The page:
The history, scope, structural components, generation, and purpose of international dental standards are concisely surveyed by three researchers active in standards development.
Significance : Standards have an important role to play within dental materials research alongside more specialist scientific instruments and methods. For all that are concerned with the wider business and safety issues of manufacture, marketing, selection and use of dental biomaterials and devices, knowledge of the vital role of standards is indispensable.
“A good student reverences books; a better student is more critical of them!”
This dictum is also applicable to our appreciation and use of national and international standards. At one extreme there are dental material researchers who totally ignore such standards, at the other are investigators who treat them as the final word in research methodology. The aim of this Editorial Review is to promote understanding, informed discussion and appropriate use of international standards in the conduct and reporting of research on dental materials and devices.
There are several interrelated topics to be considered, including the history, definition, scope, structural components, generation, several uses and main purpose of dental standards. The last topic (purpose) addresses the question: What are Standards for? In the view of the late Dr. John Stanford, former Chairman of ISO/TC106:
“Standards serve a variety of market-perfecting purposes. They provide the basis for comparison of products and establish consistent terminologies through standard definitions, measures, and test procedures. They promote compatibility of products used in systems, thereby reducing the ranges of variety of products. Not only do they assure desired qualities and performance levels, they reduce low quality by providing consumers with an easy check on individual producer quality claims, thereby increasing consumer welfare. As a result, standards can enhance the overall image of industry. The use of standards increases buyer confidence about product quality and in turn may very well increase overall demand for the product, reflecting buyer preference regarding quality. Standards provide for transfer of technologies throughout industry and facilitate introduction of innovation by reducing market and technical risks. They provide the industry with an important marketing tool”.
The leading current standards are from the International Standards Organization (ISO) and ASTM International , known prior to 2001 as the American Society for Testing and Materials (ASTM). The ASTM was formed in 1898 by chemists and engineers from the Pennsylvania Railroad. At the time of its establishment, the organization was known as the American Section of the International Association for Testing and Materials .
The ISO is the world largest standards developing organization. It was born from the union of two organizations – the ISA ( International Federation of the National Standardizing Associations ), established in New York in 1926, and the UNSCC ( United Nations Standards Coordinating Committee ), established in 1944. Aiming “to facilitate the international coordination and unification of industrial standards”, the new organization, ISO, officially began operations on 23 February 1947. Since then, ISO has published more than 18,500 International Standards, ranging from standards for activities such as agriculture and construction, through mechanical engineering, to medical and dental devices, to the newest information technology developments.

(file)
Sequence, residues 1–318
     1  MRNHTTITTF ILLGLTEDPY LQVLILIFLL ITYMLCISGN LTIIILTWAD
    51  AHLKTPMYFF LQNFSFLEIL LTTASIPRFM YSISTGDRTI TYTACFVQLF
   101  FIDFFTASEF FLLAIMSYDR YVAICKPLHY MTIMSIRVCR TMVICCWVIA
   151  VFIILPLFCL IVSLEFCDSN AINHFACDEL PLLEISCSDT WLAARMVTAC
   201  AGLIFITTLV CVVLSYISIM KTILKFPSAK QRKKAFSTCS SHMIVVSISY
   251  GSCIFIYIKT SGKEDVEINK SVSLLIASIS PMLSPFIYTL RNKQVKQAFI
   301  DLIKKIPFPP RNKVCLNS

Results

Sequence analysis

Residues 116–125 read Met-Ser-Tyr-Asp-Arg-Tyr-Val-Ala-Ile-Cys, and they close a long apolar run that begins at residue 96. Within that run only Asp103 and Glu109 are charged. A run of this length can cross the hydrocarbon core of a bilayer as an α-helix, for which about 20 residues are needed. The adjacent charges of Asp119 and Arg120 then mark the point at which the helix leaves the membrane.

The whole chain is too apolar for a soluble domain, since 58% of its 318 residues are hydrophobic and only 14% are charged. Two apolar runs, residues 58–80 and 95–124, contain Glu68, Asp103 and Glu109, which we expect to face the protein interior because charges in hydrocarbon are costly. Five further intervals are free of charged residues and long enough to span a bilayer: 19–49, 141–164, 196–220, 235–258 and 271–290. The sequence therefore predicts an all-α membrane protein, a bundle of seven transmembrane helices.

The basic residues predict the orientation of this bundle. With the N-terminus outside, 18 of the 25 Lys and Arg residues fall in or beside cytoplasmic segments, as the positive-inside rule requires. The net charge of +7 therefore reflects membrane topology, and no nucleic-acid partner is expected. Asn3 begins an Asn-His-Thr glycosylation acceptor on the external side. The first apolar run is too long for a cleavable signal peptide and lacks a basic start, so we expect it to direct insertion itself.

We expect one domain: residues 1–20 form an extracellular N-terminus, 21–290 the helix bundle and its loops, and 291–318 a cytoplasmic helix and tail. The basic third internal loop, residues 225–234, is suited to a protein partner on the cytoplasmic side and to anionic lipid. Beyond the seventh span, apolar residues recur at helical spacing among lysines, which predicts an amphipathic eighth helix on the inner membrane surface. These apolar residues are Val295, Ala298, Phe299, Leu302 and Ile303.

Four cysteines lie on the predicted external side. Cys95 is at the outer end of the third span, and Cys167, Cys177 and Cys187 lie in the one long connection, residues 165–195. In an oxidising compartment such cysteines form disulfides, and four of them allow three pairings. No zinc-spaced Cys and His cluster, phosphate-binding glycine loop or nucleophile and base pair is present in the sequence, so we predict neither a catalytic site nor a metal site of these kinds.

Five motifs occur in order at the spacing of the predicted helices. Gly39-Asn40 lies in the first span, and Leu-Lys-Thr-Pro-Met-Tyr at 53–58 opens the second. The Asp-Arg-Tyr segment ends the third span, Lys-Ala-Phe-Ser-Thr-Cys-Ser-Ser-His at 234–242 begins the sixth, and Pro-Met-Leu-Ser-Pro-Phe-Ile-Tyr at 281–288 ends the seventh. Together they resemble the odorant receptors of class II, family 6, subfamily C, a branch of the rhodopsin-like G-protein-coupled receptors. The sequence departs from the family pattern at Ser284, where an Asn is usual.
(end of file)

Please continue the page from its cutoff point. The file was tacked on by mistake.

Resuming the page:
In addition to ISO and ASTM standards, the American Dental Association (ADA), the accredited dental standards body of the American National Standards Institute (ANSI), also publishes dental standards.
A description is perhaps more useful than a formal definition of a Standard. Dental Standards are documents designed to assess relevant properties of a product to see whether it meets acceptable requirements for safe and effective use. The scope of products addressed by dental standards includes devices, such as hand-held instruments, equipment and curing lights (powered polymerization activators), as well as oral care products and a wide range of oral biomaterials for direct and indirect restorations. The latter include laboratory materials. In recent years ISO/TC106 has expanded its activities into new technologies such as dental implants and CAD/CAM and is addressing environmental issues such as amalgam waste as well as infection control. In developing these standards this committee is increasing emphasis on clinical relevance and product performance in order to address the needs of the clinician and the consumer. One useful distinction is between ‘ vertical ’ and ‘ horizontal ’ standards. The former denotes a standard concerned, for example, with a specific material type. The latter specifies test methods, such as assessment of color stability (ISO standard 7491 or ANSI/ADA standard 80), that can be applied ‘across the board’ to many different materials such as resin-composites and denture materials when exposed to light and water.
Within each Standard document, the first priority is to state the scope of that standard (for example, the particular class or classes of dental cements under consideration), also followed by necessary definitions. Other key components are normative references to associated foundational standards, commonly including those that address biological safety requirements. This means that biological safety can often be considered separately from physical, mechanical and chemical properties, etc. Major sections on property requirements then follow. These embody minimum performance limits (for example, strength values in MPa). The question of sampling is usually addressed, followed by the major sections on Test Methods . These vital methodological sections describe exactly how test specimens are to be fabricated, followed by exact measurement procedures including the equipment required (often illustrated with diagrams), control of environmental parameters, number (n) of repeat measurements and the treatment of results . The final sections of Standards deal, where appropriate, with presentational and marketing issues: Packaging, marking and information to be supplied by the manufacturer as well as Manufacturer’s instructions and information for the user .